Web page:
Initially, the heated midsoles 175 are removed from the molding cavity of the heat press 150, and passed to the stabilization station 155. The stabilization station 155 may comprise a plurality of tanks, such as tank A 210, tank B 220, and tank N 230, that each hold a fluid at a particular temperature. In other embodiments of the stabilization station 155, using a single tank, such as only tank A 210, is considered. The tanks 210, 220, and 230 are referred to hereinafter as baths. The number of baths may vary and may comprise one or more tank. In an exemplary embodiment, three or four baths are used; however, the exact number of baths is determined by, in part, the geometry or composition of the heated midsoles 175. In addition, each of the baths is held a particular temperature. In one instance, a progression of baths is established such the heated midsole 170 is iteratively placed into the baths that each are held at comparable temperatures to one another. In another instance, a progression of baths is established such the heated midsole 170 is initially placed into the bath with the hottest particular temperature (e.g., tank A 210) and finally placed in the bath with the coolest particular temperature (e.g., tank N 230) to render the stabilized midsole 185 in a tiered cooling method. The method utilized for placing the midsole into each of the baths, and withdrawing them therefrom, may be manual (e.g., by gloved hand) or automatic (e.g., by a conveyor mechanism). By way of example only, the stabilization station 155 may include a progression of four baths held at approximately 75, 65, 55, and 45 degrees Celsius. The heated midsole 175 may be stabilized by being submerged by a conveyor into the first bath of 75 degrees, and then into the next incrementally hottest bath until the stabilized midsole 185 is withdraw from the bath held at approximately 54 degrees Celsius.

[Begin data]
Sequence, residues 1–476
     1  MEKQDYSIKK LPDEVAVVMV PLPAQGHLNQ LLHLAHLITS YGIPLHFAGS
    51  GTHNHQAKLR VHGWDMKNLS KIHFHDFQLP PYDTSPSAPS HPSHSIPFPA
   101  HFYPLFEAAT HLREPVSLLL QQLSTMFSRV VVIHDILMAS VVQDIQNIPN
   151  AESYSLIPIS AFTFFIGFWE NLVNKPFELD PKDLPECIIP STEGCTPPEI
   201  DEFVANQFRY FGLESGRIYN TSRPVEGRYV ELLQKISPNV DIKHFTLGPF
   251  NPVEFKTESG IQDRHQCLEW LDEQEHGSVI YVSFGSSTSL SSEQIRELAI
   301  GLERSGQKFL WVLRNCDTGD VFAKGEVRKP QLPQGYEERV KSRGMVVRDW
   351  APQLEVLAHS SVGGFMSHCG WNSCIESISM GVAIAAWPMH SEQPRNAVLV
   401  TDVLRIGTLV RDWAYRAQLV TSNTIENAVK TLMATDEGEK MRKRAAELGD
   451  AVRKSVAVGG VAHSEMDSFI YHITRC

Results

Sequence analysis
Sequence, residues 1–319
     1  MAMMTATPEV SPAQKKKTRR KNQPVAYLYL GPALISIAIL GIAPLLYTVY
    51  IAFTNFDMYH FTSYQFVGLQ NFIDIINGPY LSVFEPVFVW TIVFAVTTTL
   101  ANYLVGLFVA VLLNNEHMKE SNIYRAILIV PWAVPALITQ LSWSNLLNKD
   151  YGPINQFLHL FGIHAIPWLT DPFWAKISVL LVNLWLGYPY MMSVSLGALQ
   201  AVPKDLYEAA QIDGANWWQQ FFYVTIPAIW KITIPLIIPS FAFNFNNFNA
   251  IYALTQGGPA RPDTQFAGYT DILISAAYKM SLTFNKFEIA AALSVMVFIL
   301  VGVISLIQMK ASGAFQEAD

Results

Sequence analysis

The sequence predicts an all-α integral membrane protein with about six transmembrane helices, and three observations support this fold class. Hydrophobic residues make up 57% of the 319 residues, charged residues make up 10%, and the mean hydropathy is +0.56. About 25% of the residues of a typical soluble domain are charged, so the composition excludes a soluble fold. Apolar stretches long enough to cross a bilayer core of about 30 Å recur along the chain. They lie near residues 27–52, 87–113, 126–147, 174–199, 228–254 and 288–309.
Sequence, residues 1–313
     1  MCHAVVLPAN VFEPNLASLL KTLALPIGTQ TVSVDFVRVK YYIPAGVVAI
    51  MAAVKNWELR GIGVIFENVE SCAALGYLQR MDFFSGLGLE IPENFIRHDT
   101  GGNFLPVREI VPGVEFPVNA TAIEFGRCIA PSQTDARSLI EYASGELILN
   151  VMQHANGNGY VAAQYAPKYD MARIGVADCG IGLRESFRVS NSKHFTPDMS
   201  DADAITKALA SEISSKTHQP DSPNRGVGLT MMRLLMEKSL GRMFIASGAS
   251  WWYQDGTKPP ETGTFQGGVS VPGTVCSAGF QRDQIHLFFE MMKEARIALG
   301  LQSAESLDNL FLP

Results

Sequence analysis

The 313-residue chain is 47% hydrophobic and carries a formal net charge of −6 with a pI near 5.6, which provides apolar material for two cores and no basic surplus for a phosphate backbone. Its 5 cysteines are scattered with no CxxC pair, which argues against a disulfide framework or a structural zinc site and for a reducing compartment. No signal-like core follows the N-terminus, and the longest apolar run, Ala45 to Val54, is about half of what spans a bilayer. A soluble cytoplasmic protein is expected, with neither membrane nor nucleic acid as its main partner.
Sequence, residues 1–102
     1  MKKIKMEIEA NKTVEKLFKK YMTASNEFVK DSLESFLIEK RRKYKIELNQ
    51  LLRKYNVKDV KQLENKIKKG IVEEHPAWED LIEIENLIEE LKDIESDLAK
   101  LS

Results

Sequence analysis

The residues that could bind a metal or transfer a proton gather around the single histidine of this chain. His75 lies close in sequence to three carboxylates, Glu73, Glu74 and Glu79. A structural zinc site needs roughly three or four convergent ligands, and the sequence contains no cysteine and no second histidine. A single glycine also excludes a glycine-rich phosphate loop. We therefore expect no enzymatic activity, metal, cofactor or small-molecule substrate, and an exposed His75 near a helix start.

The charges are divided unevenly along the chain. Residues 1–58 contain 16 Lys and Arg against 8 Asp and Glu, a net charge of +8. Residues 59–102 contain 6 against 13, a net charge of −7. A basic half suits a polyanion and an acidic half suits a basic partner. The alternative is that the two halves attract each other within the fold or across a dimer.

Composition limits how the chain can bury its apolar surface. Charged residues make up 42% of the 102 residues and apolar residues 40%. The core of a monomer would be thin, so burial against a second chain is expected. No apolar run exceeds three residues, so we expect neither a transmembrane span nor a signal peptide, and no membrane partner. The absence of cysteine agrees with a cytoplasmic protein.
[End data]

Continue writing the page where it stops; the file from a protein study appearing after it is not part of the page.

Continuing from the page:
In operation, placing the midsole in incrementally cooler baths gradually, and controllably, ramps down the temperature of the midsole, thereby reducing the size of the midsole to meet the dimensional criteria of a type and size of footwear. Generally, a water- based fluid may be used in each of the baths. Advantageously, water serves as an efficient conductor of heat, as opposed to the conventional air stabilization systems. That is, water provides many times the conductivity of air; thus, water is capable of drawing heat from the heated midsole 175 at a much faster rate than air. By way of example, a phylon article that took forty- five minutes to stabilize using an air-convection cooling process would take about eight minutes to stabilize in a water-conduction cooling process. Accordingly, the stabilization using water baths is a rapid process for transferring heat away from the heated midsole 175 that results in more consistent parts and less material waste (i.e., eco-friendly).